Says Chris Borowiec, managing director of U.S. Trust, sponsor of Springfield’s Homer Street School, “We are thrilled to think our small involvement can enrich so many young people through books and learning. We cannot think of a better gift to a child than a book or ‘mini library’ for a school.”
The local Monson Savings Bank actually sponsors two schools in the area, Quarry Hill Middle School in Monson, and the Stanley K. Koziol Elementary School in Ware.
“And we are in the process of adopting a third school in Hampden,” notes Steven Lowell, bank president. “We have a number of employees, myself included, who visit classrooms and read books. It would be difficult to say who enjoys this more, the children or our employees.”
Lowell tells SLJ, “We became aware of LTL about two and a half years ago and it has quickly become one of our favorite nonprofits. Our bank has a very strong tradition of being deeply involved in the community. [They] have developed a great model, which allows us the opportunity to partner with several school systems and help children directly.”
How it works
Since its inception in September of 2012, LTR’s Business Book Link project has steadily expanded its number of participants, with the goal of reaching 50 sponsored schools or literacy nonprofits by the end of the year, Jaye-Kaplan says. “Since we are all volunteer, the goal is manageable,” she says, noting, “If we had staff, our goal would be 100 by June 2014.”
Businesses interested in a Book Link sponsorship donate approximately $1200 to LTL, and must commit to a relationship of three years, in which they are expected to regularly engage with their sponsorship recipient on a one-to-one basis, Jaye-Kaplan says. LTL then matches the sponsor to a needy school. The donated funds help defray the costs of the 300–500 new books that LTL supplies to the sponsor for distributing to kids during read-alouds and other visits throughout the year.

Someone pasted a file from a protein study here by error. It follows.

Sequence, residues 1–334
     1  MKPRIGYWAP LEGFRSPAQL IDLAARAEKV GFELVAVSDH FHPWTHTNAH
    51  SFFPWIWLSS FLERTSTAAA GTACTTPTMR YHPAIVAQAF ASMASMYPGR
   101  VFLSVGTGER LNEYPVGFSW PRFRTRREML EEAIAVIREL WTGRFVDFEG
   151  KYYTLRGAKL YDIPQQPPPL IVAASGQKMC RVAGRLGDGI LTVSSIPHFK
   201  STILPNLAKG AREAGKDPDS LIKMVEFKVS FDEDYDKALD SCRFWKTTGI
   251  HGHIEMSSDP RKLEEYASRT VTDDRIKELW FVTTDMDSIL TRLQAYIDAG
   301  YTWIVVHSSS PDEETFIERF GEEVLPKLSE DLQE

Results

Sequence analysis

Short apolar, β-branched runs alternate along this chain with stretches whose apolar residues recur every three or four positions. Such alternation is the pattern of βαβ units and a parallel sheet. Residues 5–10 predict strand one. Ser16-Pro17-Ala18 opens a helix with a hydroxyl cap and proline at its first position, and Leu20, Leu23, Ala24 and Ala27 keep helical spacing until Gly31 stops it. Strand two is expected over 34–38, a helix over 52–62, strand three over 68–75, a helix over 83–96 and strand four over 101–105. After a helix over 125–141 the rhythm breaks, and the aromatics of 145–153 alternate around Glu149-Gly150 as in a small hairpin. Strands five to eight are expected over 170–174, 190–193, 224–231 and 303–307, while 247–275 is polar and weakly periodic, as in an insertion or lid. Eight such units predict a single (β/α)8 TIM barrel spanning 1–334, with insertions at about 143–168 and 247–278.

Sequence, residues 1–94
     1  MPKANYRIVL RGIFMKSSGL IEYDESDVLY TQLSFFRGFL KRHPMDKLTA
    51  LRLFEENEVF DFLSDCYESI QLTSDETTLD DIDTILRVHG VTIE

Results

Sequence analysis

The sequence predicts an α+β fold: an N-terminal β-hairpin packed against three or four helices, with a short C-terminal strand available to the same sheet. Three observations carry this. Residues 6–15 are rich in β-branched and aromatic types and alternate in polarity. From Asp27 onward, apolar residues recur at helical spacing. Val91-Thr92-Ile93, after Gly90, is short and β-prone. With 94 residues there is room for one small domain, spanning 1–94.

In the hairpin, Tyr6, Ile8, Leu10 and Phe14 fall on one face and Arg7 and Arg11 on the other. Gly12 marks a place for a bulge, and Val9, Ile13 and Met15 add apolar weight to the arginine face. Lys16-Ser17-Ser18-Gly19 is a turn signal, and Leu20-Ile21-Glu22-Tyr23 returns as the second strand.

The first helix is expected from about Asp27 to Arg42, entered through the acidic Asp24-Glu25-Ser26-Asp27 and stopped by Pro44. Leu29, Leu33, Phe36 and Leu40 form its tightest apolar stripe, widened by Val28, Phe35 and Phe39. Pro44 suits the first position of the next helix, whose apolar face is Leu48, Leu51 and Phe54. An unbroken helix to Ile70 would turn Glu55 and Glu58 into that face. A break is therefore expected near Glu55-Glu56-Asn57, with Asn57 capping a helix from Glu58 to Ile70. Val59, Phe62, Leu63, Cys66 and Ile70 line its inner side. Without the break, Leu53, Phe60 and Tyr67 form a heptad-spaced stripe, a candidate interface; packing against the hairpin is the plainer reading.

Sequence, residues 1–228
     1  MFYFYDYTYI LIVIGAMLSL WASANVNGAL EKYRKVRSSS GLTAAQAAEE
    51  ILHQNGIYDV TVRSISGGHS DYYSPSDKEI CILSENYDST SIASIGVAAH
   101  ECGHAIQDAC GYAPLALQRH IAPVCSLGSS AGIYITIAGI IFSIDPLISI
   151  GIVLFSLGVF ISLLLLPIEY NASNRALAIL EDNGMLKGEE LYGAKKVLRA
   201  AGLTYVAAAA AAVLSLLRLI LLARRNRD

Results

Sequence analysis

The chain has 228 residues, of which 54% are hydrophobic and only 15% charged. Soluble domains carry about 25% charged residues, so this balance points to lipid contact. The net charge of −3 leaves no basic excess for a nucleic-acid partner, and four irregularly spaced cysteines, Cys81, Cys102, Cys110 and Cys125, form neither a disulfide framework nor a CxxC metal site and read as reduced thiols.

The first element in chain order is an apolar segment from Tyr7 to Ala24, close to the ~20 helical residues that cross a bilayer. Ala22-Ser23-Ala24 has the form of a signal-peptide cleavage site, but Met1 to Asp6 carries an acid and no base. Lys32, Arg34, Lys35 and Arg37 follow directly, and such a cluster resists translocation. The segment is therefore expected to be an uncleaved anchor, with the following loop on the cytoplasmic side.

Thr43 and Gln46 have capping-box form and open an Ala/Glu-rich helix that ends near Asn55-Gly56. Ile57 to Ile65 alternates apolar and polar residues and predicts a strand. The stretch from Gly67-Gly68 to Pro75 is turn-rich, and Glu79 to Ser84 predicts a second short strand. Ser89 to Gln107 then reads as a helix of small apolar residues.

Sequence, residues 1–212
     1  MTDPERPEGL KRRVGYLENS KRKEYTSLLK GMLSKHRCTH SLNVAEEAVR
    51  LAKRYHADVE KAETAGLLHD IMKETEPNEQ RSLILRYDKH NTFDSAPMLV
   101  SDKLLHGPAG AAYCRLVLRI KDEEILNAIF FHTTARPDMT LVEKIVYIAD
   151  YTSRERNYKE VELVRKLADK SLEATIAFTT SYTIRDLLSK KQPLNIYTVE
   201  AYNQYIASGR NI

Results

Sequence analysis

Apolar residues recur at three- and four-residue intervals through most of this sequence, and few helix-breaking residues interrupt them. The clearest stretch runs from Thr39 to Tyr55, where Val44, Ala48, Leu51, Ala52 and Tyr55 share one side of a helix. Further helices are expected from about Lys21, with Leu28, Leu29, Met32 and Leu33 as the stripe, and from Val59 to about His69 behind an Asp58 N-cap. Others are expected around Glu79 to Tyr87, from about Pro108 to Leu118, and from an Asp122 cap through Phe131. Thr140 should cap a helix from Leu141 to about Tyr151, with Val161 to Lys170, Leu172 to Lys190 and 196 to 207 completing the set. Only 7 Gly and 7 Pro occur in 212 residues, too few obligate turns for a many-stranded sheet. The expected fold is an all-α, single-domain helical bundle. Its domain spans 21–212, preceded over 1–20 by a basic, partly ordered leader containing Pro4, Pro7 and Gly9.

LTL is also present at the sponsor’s initial tour of a school, at which the sponsor is presented with a plaque and meets the school’s principal, where he or she presents the sponsor with a funding “wish list” of non-book supplies. LTL encourages principals to include a wide range of expenses on their wish lists, everything from dictionaries to picnic tables—both of which, incidentally, have been donated recently by sponsors to their adopted schools, Jaye-Kaplan shares.
In addition, “Some of the banks are giving financial literacy classes, kids are getting college tours and lunch, and one company gave Kindles,” Jaye-Kaplan says, though she notes that it’s up to the school principal and the sponsor to work out these details, she says.
Later in the process, LTL asks sponsored schools to create thank you notes, that LTL presents back to the sponsors at least twice a year “to keep the communication open,” Jaye-Kaplan says.
For those nonprofits or school districts in other states interested in pursuing a similar program, Jaye-Kaplan has lots of advice. “Do be assertive in finding potential sponsors,” she says. “Be sure you know your program from top to bottom. Be well respected in your community. Consider big and smaller businesses as well as families, and book groups. Always be flexible.”
She adds, “People want to be helpful and are more often than not willing to support those in need. It is often in the presentation and how you ask. I generally send out our packet explaining our program, wait 10 days, and make a call to the person. I like to give them an opportunity to review our material and then will contact them. It is far easier with an introduction to new and potential sponsors if you have a name of someone they know, respect, and do business with.”